Miss Snark, Is the term thriller widely taken to mean plot-driven, as opposed to character-driven? If so, how should a character-driven thriller be described in a query letter? (Rip roaring, page turning, keep you glued to the couch compelling fiction?)Your blog is sweeeet, as my twelve-year-old would say.
You let a 12 year old read this blog??? You should be kidnapped, bound, thrown in a dark cellar and the fate of the free world should rest on your safe return. Which brings me to "thrillers".
Being adverse to reinventing the wheel I simply lifted part of the definition of a thriller from
these guys who thrill me to bits.
Thrillers are known for their pace, the force with which they hurtle the reader along. They are an obstacle race in which an objective is achieved at heroic cost. The objective can be personal (trying to save a spouse or a long-lost relative) or global (trying to avert a world war) and often is both.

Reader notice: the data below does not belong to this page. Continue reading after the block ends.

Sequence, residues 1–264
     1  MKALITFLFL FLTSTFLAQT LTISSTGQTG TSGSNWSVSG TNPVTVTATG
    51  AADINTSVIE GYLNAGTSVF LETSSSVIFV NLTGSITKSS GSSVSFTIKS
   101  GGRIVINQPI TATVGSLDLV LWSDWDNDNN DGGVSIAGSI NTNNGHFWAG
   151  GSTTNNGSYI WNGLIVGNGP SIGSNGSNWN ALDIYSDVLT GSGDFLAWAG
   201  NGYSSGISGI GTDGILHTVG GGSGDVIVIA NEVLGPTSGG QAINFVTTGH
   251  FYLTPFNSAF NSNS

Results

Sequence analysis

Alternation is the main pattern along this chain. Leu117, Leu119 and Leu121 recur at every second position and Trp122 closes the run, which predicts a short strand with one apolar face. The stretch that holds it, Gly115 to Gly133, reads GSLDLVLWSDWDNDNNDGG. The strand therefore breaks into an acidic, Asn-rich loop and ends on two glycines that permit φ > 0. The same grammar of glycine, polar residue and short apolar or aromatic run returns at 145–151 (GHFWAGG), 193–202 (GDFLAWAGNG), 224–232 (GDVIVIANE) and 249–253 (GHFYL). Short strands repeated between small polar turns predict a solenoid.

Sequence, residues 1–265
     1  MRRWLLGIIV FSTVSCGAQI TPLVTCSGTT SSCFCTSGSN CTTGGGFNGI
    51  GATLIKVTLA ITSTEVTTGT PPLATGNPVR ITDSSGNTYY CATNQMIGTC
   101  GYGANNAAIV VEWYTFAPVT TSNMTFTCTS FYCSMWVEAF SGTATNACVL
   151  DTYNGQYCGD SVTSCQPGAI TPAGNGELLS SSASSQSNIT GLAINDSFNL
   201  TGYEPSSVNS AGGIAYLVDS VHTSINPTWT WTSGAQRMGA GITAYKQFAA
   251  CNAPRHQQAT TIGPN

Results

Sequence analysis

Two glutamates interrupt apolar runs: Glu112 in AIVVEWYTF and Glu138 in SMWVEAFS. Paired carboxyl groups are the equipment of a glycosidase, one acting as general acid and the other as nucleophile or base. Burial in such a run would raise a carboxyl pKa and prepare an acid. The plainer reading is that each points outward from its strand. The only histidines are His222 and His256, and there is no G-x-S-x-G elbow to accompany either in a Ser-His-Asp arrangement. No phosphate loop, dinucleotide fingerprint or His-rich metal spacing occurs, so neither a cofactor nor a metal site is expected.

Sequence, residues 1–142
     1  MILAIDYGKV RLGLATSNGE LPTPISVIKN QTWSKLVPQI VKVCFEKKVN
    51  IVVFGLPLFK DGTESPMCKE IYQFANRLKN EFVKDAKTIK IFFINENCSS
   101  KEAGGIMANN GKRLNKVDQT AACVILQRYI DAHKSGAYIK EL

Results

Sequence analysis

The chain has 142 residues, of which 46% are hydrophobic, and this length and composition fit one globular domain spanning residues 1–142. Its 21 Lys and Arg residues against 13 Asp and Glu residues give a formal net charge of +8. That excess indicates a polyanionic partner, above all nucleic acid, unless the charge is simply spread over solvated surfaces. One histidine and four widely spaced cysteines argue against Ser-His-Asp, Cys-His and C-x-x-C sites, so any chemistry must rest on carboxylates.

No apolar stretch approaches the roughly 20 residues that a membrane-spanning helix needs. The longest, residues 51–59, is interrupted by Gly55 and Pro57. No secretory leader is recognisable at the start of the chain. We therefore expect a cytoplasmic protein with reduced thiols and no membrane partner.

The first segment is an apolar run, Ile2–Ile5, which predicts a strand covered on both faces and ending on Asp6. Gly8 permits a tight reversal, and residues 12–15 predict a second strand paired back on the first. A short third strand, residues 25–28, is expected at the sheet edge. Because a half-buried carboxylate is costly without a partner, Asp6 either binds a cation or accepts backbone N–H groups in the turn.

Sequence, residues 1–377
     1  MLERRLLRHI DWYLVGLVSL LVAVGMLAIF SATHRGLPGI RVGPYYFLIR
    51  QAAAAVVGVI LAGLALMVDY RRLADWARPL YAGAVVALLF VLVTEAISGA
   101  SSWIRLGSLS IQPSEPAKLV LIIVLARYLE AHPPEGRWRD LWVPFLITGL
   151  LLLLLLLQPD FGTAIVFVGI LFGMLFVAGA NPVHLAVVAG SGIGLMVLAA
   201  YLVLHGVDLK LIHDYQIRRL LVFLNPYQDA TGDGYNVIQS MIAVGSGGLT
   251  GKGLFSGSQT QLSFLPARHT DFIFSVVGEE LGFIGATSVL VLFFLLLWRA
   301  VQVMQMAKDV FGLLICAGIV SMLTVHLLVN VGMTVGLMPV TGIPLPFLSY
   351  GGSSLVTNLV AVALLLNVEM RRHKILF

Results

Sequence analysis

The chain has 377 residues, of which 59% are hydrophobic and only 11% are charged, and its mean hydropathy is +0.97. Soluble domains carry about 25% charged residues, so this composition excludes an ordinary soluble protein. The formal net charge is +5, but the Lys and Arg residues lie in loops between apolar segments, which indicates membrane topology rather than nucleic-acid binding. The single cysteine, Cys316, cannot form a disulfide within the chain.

So a thriller is always plot driven, always fast, always a page turner. To distinguish YOUR thriller from the pack, you might talk about character instead of plot. Use some imagination too. No honey haired blondes with exquisite figures, and no mad scientists with bushy hair. Alan Furst makes heroes out of ordinary people. Harlan Coben makes heroes out of guys who live in New Jersey. Talk about brave.